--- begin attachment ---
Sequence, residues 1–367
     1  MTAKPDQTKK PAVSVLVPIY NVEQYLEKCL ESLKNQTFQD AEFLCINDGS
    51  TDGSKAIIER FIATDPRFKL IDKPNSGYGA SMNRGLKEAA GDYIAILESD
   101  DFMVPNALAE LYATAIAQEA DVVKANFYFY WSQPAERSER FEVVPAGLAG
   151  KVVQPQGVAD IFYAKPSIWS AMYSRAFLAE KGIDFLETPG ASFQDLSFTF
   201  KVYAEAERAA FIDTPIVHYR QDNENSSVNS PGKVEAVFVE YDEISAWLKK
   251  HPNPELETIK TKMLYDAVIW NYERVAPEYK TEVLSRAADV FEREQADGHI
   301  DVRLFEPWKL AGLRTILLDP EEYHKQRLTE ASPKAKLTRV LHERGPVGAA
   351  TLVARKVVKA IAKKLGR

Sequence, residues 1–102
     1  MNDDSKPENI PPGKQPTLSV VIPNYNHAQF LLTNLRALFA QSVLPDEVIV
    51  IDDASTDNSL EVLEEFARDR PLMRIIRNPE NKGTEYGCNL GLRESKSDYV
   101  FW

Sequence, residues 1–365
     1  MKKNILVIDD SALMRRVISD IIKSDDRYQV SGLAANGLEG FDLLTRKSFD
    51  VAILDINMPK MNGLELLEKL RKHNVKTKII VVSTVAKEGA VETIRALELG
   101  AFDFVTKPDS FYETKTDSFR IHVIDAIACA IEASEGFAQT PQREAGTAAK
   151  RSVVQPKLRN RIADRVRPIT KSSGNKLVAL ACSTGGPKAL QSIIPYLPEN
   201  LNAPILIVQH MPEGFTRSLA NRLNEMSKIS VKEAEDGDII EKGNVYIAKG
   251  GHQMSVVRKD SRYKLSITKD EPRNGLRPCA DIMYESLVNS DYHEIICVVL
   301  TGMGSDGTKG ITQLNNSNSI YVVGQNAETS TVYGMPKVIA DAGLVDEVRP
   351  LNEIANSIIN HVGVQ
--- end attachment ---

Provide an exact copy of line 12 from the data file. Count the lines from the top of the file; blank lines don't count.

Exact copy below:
    51  IDDASTDNSL EVLEEFARDR PLMRIIRNPE NKGTEYGCNL GLRESKSDYV